- Clinton blamed Moammar Gadhafi and foreign mercenaries for the terrorism that plagues Libya after she sided radical jihadi militia aligned with al-Qaida to topple Gadhafi from power – even though he had expressed a willingness to step aside peacefully: Here is what Clinton told the Boston Consulting Group in June 20, 2013: "Now, you know, in Libya, the United Nations voted how to protect civilians. And the coalition that was put together was unprecedented. It was NATO plus the Arab League. That had never happened before. The over flights, the boat, air, sea and land efforts included Arab nations as well as Europeans, Canadians and Americans. Khadafy was told but then, you know, the lid was taken off. You have a country that had been under the thumb of Khadafy and his henchmen for 42 years. All institutions were destroyed. There was not even a military because he didn't trust anybody since he had been a Colonel who had done a coup, so he had mercenaries, there were African mercenaries and some European mercenaries that were in his direct pay. They had really just conducted themselves as if the entire Libyan oil fortune was personally theirs.
- In remarks to Funacion TelMex Sept. 5, 2014, Clinton admitted backing the Muslim Brotherhood in Egypt: "The Muslim Brotherhood won. In the beginning we said they won legitimately. We worked with them. We tried to persuade them, starting with President Morsi, to run an inclusive government, to make every Egyptian feel that they had a place at the table. They became much more interested in promoting their ideology, that produced a reaction. The military took over and now a general [el-Sisi] has become president. So those were very hard decisions to try to figure out how to manage on all of these fronts. But, the point I hope you take away is change for the sake of change is not going to make the difference you hope for unless you are prepared and organized to follow up on that change and politics, small "P" politics, is the way people in democracies work together to try to institutionalize the changes that you are seeking and I don't know if we're going to see any renewal of that kind of hopefulness in the Arab world for quite some time, because of the problems that arose as a result of overthrowing existing regimes without anything to fill the vacuum."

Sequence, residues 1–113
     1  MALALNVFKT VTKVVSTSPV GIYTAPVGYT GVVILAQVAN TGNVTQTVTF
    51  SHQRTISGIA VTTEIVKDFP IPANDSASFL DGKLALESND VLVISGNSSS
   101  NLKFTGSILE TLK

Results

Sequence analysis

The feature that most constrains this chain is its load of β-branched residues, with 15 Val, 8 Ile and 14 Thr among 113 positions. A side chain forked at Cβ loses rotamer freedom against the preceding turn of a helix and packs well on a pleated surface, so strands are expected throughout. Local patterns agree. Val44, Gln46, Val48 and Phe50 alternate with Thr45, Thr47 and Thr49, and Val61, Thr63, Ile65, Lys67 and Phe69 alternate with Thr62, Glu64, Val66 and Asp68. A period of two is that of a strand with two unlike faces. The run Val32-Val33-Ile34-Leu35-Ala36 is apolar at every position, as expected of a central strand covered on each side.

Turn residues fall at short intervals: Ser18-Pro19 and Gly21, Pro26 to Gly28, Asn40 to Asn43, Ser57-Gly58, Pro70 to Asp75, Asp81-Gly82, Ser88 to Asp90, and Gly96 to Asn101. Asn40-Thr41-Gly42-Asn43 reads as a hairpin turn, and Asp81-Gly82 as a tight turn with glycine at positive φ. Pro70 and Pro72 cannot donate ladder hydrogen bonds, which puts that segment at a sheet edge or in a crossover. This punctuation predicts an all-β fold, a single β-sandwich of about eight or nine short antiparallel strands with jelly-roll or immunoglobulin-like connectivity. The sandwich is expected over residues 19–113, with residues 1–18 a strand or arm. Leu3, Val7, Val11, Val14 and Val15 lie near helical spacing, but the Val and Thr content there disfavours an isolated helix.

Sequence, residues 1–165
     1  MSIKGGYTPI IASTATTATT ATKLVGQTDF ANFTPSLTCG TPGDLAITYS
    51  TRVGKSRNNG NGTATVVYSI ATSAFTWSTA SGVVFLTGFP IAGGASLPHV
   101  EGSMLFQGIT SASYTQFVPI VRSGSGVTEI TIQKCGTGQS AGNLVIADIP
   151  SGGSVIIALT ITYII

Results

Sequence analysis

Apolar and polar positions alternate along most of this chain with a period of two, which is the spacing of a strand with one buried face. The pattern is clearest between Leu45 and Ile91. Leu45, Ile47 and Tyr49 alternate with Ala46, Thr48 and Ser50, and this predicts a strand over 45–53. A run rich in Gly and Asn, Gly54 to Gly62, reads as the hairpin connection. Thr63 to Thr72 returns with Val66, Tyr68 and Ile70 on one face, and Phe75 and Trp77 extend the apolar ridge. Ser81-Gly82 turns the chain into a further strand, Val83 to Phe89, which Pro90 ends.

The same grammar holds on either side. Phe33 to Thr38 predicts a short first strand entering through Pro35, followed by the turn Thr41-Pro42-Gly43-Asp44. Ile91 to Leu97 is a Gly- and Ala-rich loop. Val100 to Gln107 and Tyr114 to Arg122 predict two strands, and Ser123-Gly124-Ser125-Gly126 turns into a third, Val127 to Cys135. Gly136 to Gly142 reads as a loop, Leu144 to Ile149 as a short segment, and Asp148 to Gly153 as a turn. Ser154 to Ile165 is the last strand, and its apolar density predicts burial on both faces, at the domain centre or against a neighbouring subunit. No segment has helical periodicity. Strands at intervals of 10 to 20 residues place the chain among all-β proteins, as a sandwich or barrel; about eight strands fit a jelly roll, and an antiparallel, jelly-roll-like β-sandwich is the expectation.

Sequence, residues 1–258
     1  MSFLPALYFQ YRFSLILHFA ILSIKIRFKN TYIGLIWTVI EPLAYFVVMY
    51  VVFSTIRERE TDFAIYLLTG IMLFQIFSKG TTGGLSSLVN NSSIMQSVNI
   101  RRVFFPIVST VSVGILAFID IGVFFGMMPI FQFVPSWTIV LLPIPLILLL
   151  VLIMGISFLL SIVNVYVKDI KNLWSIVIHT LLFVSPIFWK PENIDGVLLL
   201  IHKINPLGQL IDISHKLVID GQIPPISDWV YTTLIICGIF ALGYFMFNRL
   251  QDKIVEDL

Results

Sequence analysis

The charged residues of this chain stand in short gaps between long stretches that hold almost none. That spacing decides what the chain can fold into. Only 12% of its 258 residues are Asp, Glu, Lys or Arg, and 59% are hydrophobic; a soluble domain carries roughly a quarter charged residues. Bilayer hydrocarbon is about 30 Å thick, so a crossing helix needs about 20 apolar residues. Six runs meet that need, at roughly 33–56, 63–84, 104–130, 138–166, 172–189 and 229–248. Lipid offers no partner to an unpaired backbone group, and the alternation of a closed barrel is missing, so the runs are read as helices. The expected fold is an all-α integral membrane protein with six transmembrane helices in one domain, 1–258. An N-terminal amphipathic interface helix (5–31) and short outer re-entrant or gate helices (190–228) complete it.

- Clinton claims to have threatened China to surround it with missile defenses if China continued to allow North Korea to develop nuclear weapons and inter-continental ballistic missile systems – a bluff not kept. She told Goldman Sachs, June 4, 2013: "You know, we all have told the Chinese if they continue to develop this missile program and they get an ICBM that has the capacity to carry a small nuclear weapon on it, which is what they’re aiming to do, we cannot abide that. Because they could not only do damage to our treaty allies, namely Japan and South Korea, but they could actually reach Hawaii and the west coast theoretically, and we’re going to ring China with missile defense. We’re going to put more of our fleet in the area. So China, come on. You either control them or we’re going to have to defend against them."
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- In that same Goldman Sachs address June 4, 2013, Clinton admitted the inevitability of Saudi Arabia getting nuclear weapons: "So mutually assured destruction as we had with Europe in the ‘40s, ‘50s, ‘60s, ‘70s, ‘80s until the fall of the Soviet Union is much harder to do with the gulf states and it will be unlikely to occur because they will think that they have to defend themselves. And they will get into the business of nuclear weapons, and these are -- the Saudis in particular are not necessarily the stablest regimes that you can find on the planet. So it’s fraught with all kinds of problems."
The leaked emails also reveal for the first time that the Clinton Foundation held a meeting at Goldman Sachs headquarters June 6, 2014.